The closure entry is preferably designed as an entry lock, in such a manner that a controlled number of, for example one or two, closures from a series of closures is in each case admitted to the device. In a structurally simple embodiment, an entry lock of this type comprises two pins which can be moved into the feed path of the closures. The movable pins are controlled in such a way that it is impossible for both pins to be retracted simultaneously, which could lead to unimpeded passage of closures. It is advantageous for the closure exit to be designed in the same way.

It is preferable for the closure entry and exit to be controlled with the aid of a control device on the basis of signals originating from proximity sensors for detecting the presence or absence of closures.

The sterilizing device according to the invention can be used in systems for the aseptic packaging of sterile food products in containers, such as bottles, jars, cans, tubs, etc., which, as well as the associated closures, have been pre-sterilized. Packaged food products can be classified as high-acidity products (pH≦4.5) or low-acidity products (pH≧4.5). The packaging requirements for low-acidity products are generally higher compared to high-acidity products, since in the case of the latter the acidic medium contributes to the shelf life of the product by inhibiting the growth of bacteria. The sterilizing device according to the invention is suitable for use in the aseptic packaging of low-acidity food products and complies with the US standard for aseptic packaging laid down by the FDA. In the present description, the term “aseptic” therefore also refers to this standard. Obviously, it will be understood that the device according to the invention also complies with less strict legislation. The present invention provides the greatest advantages in the sterilizing of closures under aseptic conditions, in which case the aseptically sterilized closures are fitted to aseptically sterilized containers after the latter have been filled with food products which have been preserved under aseptic conditions.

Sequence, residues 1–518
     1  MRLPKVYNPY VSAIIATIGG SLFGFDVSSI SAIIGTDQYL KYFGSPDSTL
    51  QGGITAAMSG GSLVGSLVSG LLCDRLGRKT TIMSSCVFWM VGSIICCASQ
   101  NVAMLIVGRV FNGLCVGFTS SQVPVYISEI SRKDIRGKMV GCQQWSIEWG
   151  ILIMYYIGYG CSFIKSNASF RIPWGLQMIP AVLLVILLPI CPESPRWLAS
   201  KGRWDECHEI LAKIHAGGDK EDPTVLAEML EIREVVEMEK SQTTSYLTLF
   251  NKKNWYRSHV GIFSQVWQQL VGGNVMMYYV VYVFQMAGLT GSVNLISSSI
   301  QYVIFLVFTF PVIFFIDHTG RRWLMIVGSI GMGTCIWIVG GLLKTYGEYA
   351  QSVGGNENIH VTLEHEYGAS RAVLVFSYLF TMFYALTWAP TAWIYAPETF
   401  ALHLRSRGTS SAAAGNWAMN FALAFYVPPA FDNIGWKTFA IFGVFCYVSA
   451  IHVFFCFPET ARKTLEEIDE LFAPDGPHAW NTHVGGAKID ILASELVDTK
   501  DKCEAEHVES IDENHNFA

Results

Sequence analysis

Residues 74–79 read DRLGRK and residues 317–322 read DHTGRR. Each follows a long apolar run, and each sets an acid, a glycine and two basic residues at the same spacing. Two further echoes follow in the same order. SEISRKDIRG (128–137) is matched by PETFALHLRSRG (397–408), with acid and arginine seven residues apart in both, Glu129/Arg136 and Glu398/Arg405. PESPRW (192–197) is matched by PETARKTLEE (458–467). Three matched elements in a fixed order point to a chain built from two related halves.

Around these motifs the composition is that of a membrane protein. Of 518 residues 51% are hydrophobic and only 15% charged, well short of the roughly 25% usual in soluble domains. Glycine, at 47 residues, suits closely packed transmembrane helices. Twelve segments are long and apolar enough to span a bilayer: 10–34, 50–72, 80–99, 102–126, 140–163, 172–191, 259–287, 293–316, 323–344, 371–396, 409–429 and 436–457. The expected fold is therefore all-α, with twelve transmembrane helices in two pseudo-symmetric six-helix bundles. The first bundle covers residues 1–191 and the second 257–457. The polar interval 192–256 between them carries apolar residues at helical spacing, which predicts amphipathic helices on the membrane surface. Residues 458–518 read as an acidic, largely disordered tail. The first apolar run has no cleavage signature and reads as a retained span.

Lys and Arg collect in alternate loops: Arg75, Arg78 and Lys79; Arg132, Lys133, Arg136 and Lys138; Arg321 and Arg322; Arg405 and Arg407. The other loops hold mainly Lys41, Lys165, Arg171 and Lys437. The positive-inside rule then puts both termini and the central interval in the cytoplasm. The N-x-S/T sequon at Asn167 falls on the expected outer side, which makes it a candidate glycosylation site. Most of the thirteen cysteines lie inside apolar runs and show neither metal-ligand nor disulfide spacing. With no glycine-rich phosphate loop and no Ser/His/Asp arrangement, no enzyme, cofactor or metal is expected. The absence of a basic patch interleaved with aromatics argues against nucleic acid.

The invention also provides a method for sterilizing closures, such as lids and caps for containers, such as bottles and jars, comprising an exposure step of exposing the closures to a sterilizing agent, with the position of successive closures with respect to one another being altered during at least part of the exposure step. The method according to the invention, in particular in a sterilizing device without mechanical conveyor means for the closures, ensures that all parts of a closure are exposed to the sterilizing agent without any fixed points of contact occurring between individual closures or between the closures and the pass-through means used, which fixed points of contact are not exposed to sterilizing agent.

The method according to the invention can be carried out, for example, in a sterilizing device according to the invention, in which case the successive closures come into contact with one another. In this embodiment, the successive closures are constantly in contact with one another but not at the same points or surfaces of contact.